Article 1999-08-12 East Rutherford, NJ

Necessary Springsteen Keeps the Faith

Bruce Springsteen was 45 minutes late when he arrived at rehearsal at the Continental Airlines Arena in East Rutherford, N.J., on Thursday afternoon. He was limping, his hand was bandaged, and he was clearly exhausted. In several hours, he would be performing the last of his record-setting 15 sold-out concerts at the arena. In the last five months he had already logged 2 public rehearsals in Asbury Park, a 36-show European tour and 14 performances at this arena. One would think he wouldn't have to rehearse anymore.

But Mr. Springsteen, who has never shown a sense of entitlement to his rock throne and always felt a strong accountability to his fans — particularly those from New Jersey, the state that he and his songs are so strongly connected to — wanted to make that 15th night a little more special than those before it. After all, some fans had been to every show: like the luckier characters in Mr. Springsteen's songs, they deserved a reward for their faith and perseverance. So he rehearsed two songs the band hadn't played yet on the entire tour: ''Rosalita (Come Out Tonight)'' and ''Jersey Girl.''

On almost every night prior, Mr. Springsteen had ended the show with a new, unreleased song, ''Land of Hope and Dreams.'' It was a very appropriate and telling conclusion to the show, a happy ending of sorts to the preceding tales of characters trying to navigate their way through a morally, financially and emotionally uncertain world, weighing their dreams against their reality and trying to decide which path to follow.

The new song ultimately gave its main characters what they wanted, death and vindication, changing the passenger list in the Woody Guthrie song ''This Train Is Bound for Glory'' (which only takes ''the righteous and the holy'') to be all-inclusive (for saints and sinners, whores and gamblers). On ''this train, dreams will not be thwarted,'' Mr. Springsteen sang with the E Street Band. ''This train, faith will be rewarded.''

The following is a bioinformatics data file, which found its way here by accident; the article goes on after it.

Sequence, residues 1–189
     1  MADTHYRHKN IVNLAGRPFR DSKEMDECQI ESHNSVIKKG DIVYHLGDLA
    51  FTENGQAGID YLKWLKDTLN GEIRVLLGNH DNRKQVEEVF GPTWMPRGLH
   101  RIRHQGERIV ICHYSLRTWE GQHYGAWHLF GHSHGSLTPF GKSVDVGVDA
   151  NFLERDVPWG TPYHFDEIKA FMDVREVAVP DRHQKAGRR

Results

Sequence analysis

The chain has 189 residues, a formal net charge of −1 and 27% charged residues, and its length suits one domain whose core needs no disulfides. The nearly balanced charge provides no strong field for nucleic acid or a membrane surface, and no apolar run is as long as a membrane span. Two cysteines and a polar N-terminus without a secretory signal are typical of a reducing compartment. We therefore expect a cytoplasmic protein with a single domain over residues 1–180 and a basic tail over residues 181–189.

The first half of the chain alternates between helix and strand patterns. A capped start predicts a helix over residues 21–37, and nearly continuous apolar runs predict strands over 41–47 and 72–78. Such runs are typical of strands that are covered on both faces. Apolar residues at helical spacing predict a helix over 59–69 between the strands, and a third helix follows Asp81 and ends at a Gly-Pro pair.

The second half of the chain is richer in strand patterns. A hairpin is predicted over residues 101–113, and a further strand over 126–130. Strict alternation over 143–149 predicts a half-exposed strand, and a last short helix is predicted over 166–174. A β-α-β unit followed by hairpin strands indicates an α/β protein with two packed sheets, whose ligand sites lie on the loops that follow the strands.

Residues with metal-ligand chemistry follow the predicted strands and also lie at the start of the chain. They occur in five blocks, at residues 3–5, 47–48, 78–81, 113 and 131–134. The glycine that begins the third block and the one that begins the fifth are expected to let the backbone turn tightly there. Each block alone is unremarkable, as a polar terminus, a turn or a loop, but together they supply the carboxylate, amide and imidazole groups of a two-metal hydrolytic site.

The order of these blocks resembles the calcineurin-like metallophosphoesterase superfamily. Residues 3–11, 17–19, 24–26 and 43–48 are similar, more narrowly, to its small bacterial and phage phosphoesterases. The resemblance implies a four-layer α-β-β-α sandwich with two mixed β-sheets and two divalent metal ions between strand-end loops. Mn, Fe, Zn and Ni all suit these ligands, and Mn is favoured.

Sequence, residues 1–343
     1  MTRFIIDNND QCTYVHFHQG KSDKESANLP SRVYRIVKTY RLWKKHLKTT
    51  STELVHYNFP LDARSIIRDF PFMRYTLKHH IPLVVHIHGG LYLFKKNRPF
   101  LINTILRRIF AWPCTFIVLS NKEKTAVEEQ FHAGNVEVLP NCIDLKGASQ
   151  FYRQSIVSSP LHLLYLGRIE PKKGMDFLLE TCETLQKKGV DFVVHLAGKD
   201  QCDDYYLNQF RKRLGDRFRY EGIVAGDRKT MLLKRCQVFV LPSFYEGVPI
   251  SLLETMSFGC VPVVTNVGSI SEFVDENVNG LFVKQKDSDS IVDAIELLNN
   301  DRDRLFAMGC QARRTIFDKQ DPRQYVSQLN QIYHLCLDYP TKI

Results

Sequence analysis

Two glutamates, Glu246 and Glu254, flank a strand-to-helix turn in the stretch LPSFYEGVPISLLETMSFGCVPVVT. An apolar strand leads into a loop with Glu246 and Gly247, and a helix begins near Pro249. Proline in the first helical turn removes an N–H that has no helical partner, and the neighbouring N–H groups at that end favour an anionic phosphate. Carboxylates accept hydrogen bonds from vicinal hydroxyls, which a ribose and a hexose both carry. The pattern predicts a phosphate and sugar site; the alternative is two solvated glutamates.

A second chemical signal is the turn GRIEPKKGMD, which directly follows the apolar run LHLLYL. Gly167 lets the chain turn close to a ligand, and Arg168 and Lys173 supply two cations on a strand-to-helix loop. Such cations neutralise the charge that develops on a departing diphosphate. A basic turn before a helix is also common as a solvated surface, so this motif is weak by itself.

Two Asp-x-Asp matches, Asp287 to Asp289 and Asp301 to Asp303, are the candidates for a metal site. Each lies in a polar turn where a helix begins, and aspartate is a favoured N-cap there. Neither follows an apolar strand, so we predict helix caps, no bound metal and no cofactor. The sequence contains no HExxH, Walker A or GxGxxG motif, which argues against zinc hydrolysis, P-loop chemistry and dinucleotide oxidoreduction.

But after ending ''Land of Hope and Dreams'' on Thursday, he delivered a short farewell speech flattering the audience and then put a hand to his chin and mused: ''Let me see, how can I say thanks? Maybe just once …'' Then he trailed off. Most fans knew what would come next: they had been asking for it night after night, holding up signs pleading, ''Can Rosie come out and play?'' only, at some shows, to be sternly told by Mr. Springsteen that he had no intention of performing the concert classic they were asking for.

ut on Thursday night he had every intention of playing it, changing the lyric about ''the swamps of Jersey'' to ''the great state of New Jersey.'' And when he sang the line he wrote in 1973, ''Someday we'll look back on this, and it will all seem funny,'' he responded to his younger self, ''It is funny.''

It would have been too contrived to open on first night of the series with ''Jersey Girl,'' a Tom Waits song. But it began Thursday's show. In addition, during ''Hungry Heart'' Mr. Springsteen was joined onstage by a very different native son of New Jersey, Jon Bon Jovi (who in his days as John Bongiovi sneaked into this very arena to see the Boss), along with the guitarist Richie Sambora and Melissa Etheridge.

Though Mr. Springsteen set the record for the longest stretch of shows at the arena with these 15 concerts, the 330,000 tickets that were snapped up were not the most he has sold in New Jersey during an engagement. (His six-night stand at Giants Stadium in 1985 packed in more people.) But the popularity of these performances comes at an interesting time. In 1985 he was at the height of his ''Born in the U.S.A.''-era popularity; today, less than a month away from his 50th birthday, most of his recent releases have been archival.

The complicated, morally uncertain picture that Mr. Springsteen painted of the working class has been replaced on the pop charts by the angry certainty of proud white-trash rebels without a cause like Kid Rock and Limp Bizkit, whose sense of pop history stops at early hip-hop and 70's rock. In their songs, which offer few possibilities of redemption, the time bombs ticking in the hearts of Mr. Springsteen's down-and-out characters are always exploding.